seafloor and water‐column
observatory development







A major step forward in the direct ocean observing has been taken with the deployment and installation of the new observatory infrastructure- EMSO Generic Instrument Module (EGIM), thus contributing to a standardised approach for European ocean observatories


On the 1st of December a major step forward in the direct ocean observing was taken with the deployment of the new observatory infrastructure, an ocean monitoring multi-sensor module EMSO Generic Instrument Module (EGIM) and its installation and maintenance on the OBSEA underwater observatory near the coast of Vilanova i la Geltrú (Barcelona, Spain).


EGIM is the key objective of the European Multidisciplinary Seafloor and water-column Observatory Development (EMSODEV) project- funded by the European Union’ s dedicated programme for research and innovation, Horizon 2020.


After EGIM have undergone various and rigorous dry tests in laboratories, it will be tested on the observatory’s real- life conditions and each result will be checked and analysed, ensuring that EGIM will be able to function as required. The innovative multisensory module will harmonise scientific measurements and time series, and open new opportunities for research and industry. The EGIM data will be accessible to all through an online Data Management Platform.


EGIM is open and modular and can be offered as ocean observatory infrastructure for monitoring and impact assessment in the seafloor mining and oil and gas industries. Also the standardised nature, timely processing and data delivery capability of the EGIM make it effective in geo-hazard deployments such as seismic and tsunami monitoring.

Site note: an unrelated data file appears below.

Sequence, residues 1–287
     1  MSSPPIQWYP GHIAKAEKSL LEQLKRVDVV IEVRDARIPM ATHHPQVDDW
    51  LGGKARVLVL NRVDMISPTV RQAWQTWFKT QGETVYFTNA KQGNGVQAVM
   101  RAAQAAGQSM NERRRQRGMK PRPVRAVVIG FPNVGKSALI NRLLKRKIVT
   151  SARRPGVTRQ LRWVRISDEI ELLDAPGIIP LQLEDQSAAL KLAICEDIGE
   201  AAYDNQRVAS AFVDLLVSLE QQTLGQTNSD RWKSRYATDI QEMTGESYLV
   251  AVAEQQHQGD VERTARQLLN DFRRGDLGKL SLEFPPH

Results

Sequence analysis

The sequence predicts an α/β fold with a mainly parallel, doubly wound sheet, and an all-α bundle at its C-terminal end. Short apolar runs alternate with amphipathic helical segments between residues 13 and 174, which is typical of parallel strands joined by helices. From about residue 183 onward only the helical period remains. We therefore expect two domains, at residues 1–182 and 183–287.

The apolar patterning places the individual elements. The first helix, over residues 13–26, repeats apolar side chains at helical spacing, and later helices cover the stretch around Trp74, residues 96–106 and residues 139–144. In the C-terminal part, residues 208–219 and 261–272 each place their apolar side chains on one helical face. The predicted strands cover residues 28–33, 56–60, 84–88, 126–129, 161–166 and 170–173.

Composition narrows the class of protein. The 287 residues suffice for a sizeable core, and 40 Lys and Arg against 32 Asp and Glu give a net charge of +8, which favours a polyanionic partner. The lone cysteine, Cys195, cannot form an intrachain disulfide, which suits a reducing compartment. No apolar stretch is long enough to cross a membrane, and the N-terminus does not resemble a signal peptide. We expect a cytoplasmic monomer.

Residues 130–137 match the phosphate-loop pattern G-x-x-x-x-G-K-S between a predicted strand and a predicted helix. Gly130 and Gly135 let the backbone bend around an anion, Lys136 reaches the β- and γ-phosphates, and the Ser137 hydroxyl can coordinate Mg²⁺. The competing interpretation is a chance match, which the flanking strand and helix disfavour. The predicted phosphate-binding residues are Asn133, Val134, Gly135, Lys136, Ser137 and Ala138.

The EGIM will provide data suitable for many kinds of research including records of temperature, salinity, waves, tsunami, currents, ocean productivity and noise. Efforts are also underway to include newer kinds of ocean sensors such as those for carbon dioxide, a major greenhouse gas that is influencing climate change, as well as camera technology that can monitor biodiversity.


The EGIM is flexible for adaptation according to site and discipline specific requirements. Inter-operability and capacity of future evolution of the system are key aspects of the modularity.


Even more - the data is accessible for anyone, anywhere, regardless of where it is produced.


Thus, the European Union EMSODEV project provides immediate significant practical benefits, as it will provide a standardised approach for European ocean observatories. Standardised ocean observation data can be readily combined from European to global scales to support a more effective environmental regulation, allowing policy makers to base their decisions on the best available scientific information.



22-23 September 2015 in Heraklion, Crete




EMSODEV General Assembly

24-25 October 2016 at Vilanova, close to Barcelona